Color your world
Professional cinematographers use a variety of colored filters to create tints in the picture – red filters produce more dramatic sunsets, while blue ones are a cheap way to turn noon into midnight. You can use filters too, of course, but if your camcorder has a manual white balance “lock” feature, there’s an even simpler way to add color tints to your video.
Most camcorders offer several fixed settings for white balance – for sunlight, incandescent light, and occasionally for fluorescent. These can provide some interesting tint effects too – by selecting the “sunlight” white balance preset when shooting under artificial indoor light, for example, you can make everything look orangish-red.
But the real fun is playing with the manual “lock” feature, found on most of the more advanced camcorder models. The way you’re supposed to use this feature is by zooming in on an all-white object like a white sheet of paper that an assistant holds up for you. Then you press the lock button until the on-screen indicator stops blinking – and voila, the camcorder automatically adjusts itself.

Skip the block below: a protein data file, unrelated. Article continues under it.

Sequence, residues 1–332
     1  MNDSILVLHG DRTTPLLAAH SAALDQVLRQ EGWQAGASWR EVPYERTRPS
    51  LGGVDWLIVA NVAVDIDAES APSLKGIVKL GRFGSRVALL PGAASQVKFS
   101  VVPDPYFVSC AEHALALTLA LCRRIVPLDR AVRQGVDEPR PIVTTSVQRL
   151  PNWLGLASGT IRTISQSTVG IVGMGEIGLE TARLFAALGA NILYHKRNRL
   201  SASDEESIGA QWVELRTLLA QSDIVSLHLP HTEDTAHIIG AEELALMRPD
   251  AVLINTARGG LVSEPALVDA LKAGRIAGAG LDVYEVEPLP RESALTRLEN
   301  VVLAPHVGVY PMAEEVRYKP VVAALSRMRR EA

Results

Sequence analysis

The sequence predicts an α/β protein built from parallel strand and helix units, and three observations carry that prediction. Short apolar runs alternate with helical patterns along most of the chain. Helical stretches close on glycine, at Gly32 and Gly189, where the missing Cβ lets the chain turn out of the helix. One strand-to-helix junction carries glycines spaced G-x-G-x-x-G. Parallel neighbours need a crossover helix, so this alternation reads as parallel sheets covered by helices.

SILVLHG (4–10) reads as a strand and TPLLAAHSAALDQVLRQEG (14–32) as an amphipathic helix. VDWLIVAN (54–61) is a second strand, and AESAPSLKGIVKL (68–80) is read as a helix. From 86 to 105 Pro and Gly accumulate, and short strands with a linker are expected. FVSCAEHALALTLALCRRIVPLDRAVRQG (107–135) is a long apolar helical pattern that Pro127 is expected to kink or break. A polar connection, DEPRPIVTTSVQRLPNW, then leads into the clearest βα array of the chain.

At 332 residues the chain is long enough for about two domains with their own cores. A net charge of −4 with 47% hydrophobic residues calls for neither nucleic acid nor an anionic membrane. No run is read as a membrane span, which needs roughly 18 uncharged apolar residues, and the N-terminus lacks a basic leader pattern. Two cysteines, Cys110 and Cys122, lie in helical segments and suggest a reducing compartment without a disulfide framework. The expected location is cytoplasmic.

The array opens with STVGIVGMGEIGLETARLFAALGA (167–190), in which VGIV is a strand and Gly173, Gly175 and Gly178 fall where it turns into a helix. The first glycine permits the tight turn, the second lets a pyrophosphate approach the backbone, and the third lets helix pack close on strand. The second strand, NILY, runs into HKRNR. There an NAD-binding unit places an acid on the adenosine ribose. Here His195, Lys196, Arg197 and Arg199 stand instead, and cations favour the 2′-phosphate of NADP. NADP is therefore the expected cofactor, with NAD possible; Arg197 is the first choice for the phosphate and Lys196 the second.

OK, that’s how you use it to get correct color rendition – but what if you’d rather go for a deliberately skewed color? Simply substitute a colored card for the white one – and note that a warm-colored card (like warm cards) will skew the video’s tint toward cool values, and vice versa. If you use a red card, for example, your footage will have a blue-green tint. Download a free warm card blue or a free warm card greenand see how your videos come out.